Yousef admitted that thousands of his town's citizens have left, mainly to Latin America where a huge community of Palestinians from the area live. He said the migration was prompted by the continued military occupation of Israel and has nothing to do with inter-relations between Moslems and Christians. He noted that before the 1967 war when the West Bank was under Jordanian rule, the migration rate was low and comprised only of people who "merely wanted to try their luck abroad." At that time, he said, life was normal and Christians never faced crucial problems. But after the area came under military occupation, he added, Palestinians in general fled their country seeking better living conditions, whether in the Arab world or in Latin America as in the case of thousands who left Bethlehem and its twin towns of Beit Sahour and Beit Jala.
Bethlehem was a town of Christian majority until the start of the 1980s when a demographic equality was already reached between Moslems and Christians. The main reason was the flux of Christians who had by then left the town to join their relatives abroad. According to latest estimates, by mid-1995, there were only 18,000 Christians left in Bethlehem - 25 percent fewer than in 1967. But Mayor Hanna Nasser, who took office a few months ago from former mayor Elias Freij, said that the decreasing number of Christians in the town neither bothers him nor causes any problem to Christian rights in the town. He noted that President Arafat had ordered lately that mayors of eight Christian towns and villages in the West Bank should always be Christian regardless of the demographic map in them. Bethlehem of course is one of them, in addition to Beit Sahour, Beit Jala, Ramallah, and its neighboring villages of Jifna, Taibeh and Ein Arik as well as Zababdeh near Jenin.
Father Peter Madrus, one of the Christian community leaders in Bethlehem, said that fanatics are everywhere. "We respect all faiths," he declared, "but unfortunately, we don't always win the respect of others. With that, the bad relationship towards us does not come from the PNA. On the contrary, the PNA's interest is to designate good relations with the Christians and to prevent internal rifts." He said that it happens that a policeman might have a hostile attitude towards Christians or vise versa "but these people and their actions do not represent the PNA. On the contrary, President Arafat appreciates the Christians, and you can find Christians in his close circle."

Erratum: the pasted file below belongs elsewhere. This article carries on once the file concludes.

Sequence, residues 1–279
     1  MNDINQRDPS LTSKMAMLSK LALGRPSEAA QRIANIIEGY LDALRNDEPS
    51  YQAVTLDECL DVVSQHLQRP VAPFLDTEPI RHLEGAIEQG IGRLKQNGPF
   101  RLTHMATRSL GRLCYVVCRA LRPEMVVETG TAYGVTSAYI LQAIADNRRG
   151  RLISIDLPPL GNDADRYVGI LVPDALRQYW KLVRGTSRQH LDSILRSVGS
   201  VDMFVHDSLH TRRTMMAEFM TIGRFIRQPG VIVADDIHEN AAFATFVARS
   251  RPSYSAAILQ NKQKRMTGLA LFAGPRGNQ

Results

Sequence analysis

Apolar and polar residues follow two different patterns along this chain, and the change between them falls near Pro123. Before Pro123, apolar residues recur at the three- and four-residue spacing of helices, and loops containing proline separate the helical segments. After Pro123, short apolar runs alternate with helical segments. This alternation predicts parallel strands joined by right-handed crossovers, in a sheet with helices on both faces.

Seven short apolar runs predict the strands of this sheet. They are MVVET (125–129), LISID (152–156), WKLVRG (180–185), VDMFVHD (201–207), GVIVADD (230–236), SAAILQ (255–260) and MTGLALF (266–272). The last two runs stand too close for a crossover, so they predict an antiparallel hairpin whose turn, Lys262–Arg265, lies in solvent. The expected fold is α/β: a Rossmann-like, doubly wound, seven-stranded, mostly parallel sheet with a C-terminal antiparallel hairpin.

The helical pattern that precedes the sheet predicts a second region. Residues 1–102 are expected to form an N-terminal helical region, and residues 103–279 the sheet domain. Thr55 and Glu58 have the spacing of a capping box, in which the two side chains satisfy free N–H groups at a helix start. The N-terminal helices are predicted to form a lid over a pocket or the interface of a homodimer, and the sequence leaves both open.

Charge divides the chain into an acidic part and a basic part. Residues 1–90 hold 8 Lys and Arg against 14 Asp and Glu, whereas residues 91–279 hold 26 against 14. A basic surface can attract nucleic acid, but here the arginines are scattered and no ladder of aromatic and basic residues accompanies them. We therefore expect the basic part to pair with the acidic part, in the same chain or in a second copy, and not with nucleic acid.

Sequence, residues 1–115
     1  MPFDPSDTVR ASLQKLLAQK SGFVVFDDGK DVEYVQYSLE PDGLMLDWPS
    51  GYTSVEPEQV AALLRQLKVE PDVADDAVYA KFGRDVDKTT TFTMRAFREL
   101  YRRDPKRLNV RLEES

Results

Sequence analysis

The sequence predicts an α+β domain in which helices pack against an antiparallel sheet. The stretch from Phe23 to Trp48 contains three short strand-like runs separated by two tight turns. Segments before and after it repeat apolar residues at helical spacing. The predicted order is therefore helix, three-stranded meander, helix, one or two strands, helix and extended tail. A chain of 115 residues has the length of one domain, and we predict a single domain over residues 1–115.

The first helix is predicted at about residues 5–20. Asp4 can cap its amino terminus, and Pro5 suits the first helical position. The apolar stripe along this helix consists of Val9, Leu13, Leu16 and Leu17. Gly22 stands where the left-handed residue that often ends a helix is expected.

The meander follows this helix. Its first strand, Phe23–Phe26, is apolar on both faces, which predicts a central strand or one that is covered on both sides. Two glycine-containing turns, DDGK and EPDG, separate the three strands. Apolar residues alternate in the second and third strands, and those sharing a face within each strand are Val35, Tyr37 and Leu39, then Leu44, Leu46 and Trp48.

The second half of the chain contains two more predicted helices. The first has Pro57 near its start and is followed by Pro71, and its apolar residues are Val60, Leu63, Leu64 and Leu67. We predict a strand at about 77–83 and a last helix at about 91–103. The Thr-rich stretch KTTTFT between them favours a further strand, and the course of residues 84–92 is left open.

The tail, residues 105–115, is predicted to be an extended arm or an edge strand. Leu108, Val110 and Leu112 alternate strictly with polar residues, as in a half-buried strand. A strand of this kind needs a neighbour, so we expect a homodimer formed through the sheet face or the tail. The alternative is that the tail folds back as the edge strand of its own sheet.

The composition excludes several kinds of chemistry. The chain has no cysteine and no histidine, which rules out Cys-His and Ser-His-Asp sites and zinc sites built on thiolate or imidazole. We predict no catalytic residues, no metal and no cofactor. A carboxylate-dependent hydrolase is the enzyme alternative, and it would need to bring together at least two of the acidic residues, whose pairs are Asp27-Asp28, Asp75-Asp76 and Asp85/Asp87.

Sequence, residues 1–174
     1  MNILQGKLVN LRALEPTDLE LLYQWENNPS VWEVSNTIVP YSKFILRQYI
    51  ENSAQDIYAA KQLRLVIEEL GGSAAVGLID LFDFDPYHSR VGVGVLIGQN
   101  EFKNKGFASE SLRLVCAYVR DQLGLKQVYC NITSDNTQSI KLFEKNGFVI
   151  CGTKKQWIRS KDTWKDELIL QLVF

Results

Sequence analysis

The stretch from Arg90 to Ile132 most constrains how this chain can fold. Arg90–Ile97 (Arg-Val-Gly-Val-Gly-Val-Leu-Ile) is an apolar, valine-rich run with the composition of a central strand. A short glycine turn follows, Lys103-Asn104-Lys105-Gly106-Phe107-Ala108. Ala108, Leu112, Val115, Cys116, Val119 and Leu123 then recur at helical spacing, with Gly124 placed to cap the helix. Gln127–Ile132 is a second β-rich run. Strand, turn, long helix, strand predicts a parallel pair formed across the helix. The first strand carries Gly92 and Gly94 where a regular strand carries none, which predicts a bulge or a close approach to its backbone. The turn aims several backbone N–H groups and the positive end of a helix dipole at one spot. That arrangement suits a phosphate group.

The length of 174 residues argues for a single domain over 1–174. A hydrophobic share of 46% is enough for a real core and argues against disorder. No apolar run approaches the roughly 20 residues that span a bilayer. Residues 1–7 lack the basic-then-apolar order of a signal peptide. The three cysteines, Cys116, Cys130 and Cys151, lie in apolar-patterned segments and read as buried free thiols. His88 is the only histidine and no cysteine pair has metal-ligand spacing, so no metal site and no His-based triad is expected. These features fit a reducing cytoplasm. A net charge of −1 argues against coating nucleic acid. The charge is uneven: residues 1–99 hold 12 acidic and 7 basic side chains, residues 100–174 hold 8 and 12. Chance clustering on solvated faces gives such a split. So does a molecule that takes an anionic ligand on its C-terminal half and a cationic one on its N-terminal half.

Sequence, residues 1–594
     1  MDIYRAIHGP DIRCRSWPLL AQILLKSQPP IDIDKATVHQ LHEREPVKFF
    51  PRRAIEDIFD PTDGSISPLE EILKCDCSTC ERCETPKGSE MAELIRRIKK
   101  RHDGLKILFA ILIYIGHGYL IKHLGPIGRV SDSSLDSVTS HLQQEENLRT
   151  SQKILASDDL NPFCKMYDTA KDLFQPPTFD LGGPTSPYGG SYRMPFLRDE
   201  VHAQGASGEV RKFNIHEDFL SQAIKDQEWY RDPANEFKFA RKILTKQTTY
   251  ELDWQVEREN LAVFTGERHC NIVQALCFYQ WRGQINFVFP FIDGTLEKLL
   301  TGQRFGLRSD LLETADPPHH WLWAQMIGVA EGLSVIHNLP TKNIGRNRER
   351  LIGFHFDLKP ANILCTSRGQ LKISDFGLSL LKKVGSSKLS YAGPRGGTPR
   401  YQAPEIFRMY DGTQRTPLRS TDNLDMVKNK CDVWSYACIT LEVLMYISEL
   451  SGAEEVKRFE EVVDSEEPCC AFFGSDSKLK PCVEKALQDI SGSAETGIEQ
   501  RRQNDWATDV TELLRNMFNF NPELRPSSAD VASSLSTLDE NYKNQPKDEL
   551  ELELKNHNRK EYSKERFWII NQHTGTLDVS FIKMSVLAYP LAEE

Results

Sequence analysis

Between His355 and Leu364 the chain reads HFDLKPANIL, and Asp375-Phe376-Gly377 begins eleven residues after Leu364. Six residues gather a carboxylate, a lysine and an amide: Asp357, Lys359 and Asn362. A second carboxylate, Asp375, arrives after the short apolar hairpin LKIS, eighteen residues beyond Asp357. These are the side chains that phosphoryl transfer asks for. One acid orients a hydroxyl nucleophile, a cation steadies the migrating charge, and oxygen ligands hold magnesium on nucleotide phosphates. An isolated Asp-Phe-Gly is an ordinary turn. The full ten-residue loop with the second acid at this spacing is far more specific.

Father Madrus confirms that Christians do not migrate out of Bethlehem because of persecution, as Israel claims, but "because of the terrible financial situation and because there is no state in the world that has helped them. The Muslims have many states who assist them, including Iran and Libya. We have none." He did not elaborate but many Christian Palestinians feel they have been abandoned by their churches.
Leading Christian religious leaders were involved in illegal land transactions in which vast areas of territories were sold to Israelis, or alternatively leased for 99 years. Some even believe the feeling of hostility that some may bear against Christians had been caused by this sort of activity. Only a few months ago, a big house on top of the Mount of Olives in East Jerusalem was sold to Jewish settlers supported by American Jewish financier Irving Moskowitz. The owner, former Armenian Archbishop Shahe Ajamian reportedly left the country after he finalized the deal for US $10 million.
Sfeir conveys a message of peace to the Lebanese
Israeli anti-Christmas measures in Bethlehem
Ali is dead, yet he brings the magic of life to three others
Please add a link on your webiste pointing to ArabicNews.com and bookmark ArabicNews.com & subscribe to our daily email news bulletin.
| Advertise on ArabicNews.com. MyFlowers.com sold more than $2700 of flowers in one month advertising on ArabicNews.com! Make your company, and products a success. Special rate for new and small business. Inquire!Advertising Info